you’re from Australia, you might not recognize the picture above as a $10 bill.
I have one just like it, courtesy of outstanding bush poet, reciter, and
storyteller from Down Under, Jack Sammon, who I had the pleasure of meeting at
the National Cowboy Gathering in Elko, Nevada. I’ll probably never get to
Australia to spend it. But I wouldn’t anyway, as I consider it a work of art.
In fact, it is framed and hanging on the wall in my office.
on the note is of A.B. “Banjo” Paterson. Few would disagree that he is the
finest poet Australia has ever produced, and his work is known the world over.
Here in America, he is especially loved by aficionados of cowboy poetry.
notice the running horses and horseman on the bill. They’re illustrative of one
of Paterson’s most famous poems, “The Man from Snowy River.” The first two lines
of the poem appear along the bottom. And, if you have a microscope, you can
read the entire text of the poem in microprint on the note as a security
feature. You’re probably familiar with the poem and its celebration of courage
and daring and what we would call “The Cowboy Way.” Clancy, a central character
in the story, is also the subject of my favorite Paterson poem, “Clancy of the
Overflow.” And he wrote the Australian folk anthem, “Waltzing Matilda,” which
is also featured on the bill.
talked about the $10 bank note before reciting “The Man from Snowy River” at
the Gathering. He said, “We’re kind of backward down in Australia compared to
America—instead of politicians, we put poets on our money.”
Who do you
think is backward?
instructors advise aspiring writers to read aloud what they’ve written. They
say doing so will reveal awkward phrasing, faulty rhythm, poor word choice, and
aloud is particularly apt when writing poetry, especially if that poetry is to
be recited. But reading prose aloud isn’t always a good idea.
written a ton and a half of advertising copy over the course of some four
decades, I learned long ago that writing words to be vocalized—as in radio or
television commercials—is altogether different from writing words to be read—as
in printed advertisements.
because the brain is much more adept than the vocal cords.
can wrap itself around more complex sentence constructions, accept more
assonance and consonance and alliteration without getting tongue-tied, easily
switch rhythmic patterns to follow dialogue, fill in the blanks purposely
created by ambiguity and other techniques to involve readers, understand
sentence fragments, and on and on and on.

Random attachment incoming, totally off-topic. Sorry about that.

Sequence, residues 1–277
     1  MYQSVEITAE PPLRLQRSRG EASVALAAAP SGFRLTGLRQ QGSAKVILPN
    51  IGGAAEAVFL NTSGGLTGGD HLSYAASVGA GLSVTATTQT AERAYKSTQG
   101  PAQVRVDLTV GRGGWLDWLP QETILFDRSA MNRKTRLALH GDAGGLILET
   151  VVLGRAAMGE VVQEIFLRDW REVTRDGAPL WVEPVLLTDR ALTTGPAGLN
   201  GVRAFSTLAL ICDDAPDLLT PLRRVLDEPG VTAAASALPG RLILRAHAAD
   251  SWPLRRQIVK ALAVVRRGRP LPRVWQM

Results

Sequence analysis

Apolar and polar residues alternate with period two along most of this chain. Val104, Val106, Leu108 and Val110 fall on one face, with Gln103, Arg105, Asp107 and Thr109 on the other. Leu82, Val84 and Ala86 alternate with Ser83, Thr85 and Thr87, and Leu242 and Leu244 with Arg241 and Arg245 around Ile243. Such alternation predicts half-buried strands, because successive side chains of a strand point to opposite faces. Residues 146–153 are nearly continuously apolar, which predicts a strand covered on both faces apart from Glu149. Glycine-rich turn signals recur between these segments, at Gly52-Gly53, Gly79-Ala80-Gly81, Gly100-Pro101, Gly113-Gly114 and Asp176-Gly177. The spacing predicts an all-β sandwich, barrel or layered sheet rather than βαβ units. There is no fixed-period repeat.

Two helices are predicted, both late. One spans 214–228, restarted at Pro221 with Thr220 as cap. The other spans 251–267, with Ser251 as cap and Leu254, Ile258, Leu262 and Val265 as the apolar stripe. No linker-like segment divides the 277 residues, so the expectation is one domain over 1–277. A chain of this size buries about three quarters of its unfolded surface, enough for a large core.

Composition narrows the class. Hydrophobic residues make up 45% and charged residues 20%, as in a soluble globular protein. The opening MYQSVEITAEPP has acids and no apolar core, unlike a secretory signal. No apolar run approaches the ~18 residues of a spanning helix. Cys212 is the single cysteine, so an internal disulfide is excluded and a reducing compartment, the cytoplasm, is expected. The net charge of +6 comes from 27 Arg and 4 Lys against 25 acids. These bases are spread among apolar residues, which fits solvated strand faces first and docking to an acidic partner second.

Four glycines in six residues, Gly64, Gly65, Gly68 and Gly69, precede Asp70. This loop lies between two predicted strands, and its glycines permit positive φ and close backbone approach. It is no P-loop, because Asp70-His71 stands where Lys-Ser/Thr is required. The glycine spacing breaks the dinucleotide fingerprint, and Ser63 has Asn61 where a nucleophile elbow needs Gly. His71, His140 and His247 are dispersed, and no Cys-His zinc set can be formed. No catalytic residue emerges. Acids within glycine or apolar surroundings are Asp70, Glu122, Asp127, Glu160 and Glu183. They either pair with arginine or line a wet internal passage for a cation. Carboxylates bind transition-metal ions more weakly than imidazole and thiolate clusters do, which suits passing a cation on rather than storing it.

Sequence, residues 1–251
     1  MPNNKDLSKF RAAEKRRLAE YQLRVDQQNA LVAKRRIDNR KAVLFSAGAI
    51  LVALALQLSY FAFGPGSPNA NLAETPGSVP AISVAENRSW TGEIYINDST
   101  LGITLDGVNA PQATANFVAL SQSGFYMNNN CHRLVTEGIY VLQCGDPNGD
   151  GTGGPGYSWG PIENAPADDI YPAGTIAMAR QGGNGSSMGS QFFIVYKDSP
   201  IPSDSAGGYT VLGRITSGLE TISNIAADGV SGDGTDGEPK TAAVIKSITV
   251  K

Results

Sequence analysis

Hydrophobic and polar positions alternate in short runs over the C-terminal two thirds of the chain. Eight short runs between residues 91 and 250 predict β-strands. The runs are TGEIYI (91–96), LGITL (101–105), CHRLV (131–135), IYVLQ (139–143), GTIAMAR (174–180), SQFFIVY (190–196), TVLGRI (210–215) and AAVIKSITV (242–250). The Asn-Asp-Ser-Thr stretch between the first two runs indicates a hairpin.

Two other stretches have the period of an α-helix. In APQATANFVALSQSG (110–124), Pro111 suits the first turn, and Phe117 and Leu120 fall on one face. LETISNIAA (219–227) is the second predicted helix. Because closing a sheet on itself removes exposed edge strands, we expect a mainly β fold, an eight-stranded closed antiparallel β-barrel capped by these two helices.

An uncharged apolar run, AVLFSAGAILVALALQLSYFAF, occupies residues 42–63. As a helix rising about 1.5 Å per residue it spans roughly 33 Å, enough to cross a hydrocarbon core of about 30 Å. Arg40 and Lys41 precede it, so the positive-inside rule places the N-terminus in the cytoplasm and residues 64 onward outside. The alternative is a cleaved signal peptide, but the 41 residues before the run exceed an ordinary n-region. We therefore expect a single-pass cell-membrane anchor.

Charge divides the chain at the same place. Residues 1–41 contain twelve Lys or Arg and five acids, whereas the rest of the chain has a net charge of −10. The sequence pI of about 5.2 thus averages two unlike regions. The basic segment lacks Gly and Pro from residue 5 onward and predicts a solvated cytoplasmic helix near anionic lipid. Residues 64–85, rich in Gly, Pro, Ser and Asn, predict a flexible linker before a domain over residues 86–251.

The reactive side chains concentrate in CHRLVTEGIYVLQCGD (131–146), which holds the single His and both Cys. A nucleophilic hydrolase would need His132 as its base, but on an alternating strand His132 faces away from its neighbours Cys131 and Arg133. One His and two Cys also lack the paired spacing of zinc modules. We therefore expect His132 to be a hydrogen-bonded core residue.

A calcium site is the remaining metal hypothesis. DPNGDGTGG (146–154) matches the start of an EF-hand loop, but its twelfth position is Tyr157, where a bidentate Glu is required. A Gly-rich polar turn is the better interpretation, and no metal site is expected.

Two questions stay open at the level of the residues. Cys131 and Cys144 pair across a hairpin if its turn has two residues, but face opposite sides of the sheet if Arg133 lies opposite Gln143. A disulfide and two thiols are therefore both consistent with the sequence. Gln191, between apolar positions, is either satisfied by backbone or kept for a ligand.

word and the spoken word are entirely different things. Different languages,
almost. The trick, in both cases, is using words well. Go ahead and read your
work aloud. But don’t believe for a minute that your mouth is a better arbiter
of what’s right in writing than your brain.
Last week I
had the good fortune to once again attend the National Cowboy Poetry Gathering
in Elko, Nevada. As usual, a good time was had by all. How could you go wrong
reconnecting with old friends, meeting new ones, and sitting through hours (and
hours and hours) of the best cowboy poetry and music the world has to offer?
brought an unexpected and unusual treat.
Fans of the
“Pickles” comic strip know that on a few occasions, the curmudgeonly Earl
Pickles has dipped his toes into the waters of cowboy poetry. As it happens,
Brian Crane, the author and artist behind “Pickles,” is an old and dear friend
and coworker and business partner. For some 40 years we have been close
friends, if usually distant neighbors. When Earl was infected with poesy, I had
the opportunity to work with Brian on some of his character’s poetic efforts.
to his first Gathering with, of course, Earl in his pocket, to breathe the
rarified air at cowboy poetry’s heights. Not only was it good to see and spend
time with Brian again, I got a big kick introducing him to friends and enjoying
their shock and surprise then smiles when I told them what he did to earn his
daily bread, as so many of them are “Pickles” fans. (It often embarrassed Brian
and he wished I wouldn’t brag on him, but he well knows I am not to be
I will be
surprised if Earl’s poetic proclivities weren’t inspired by his time in Elko,
and expect the funny papers will be seeing more of his versifying in the future.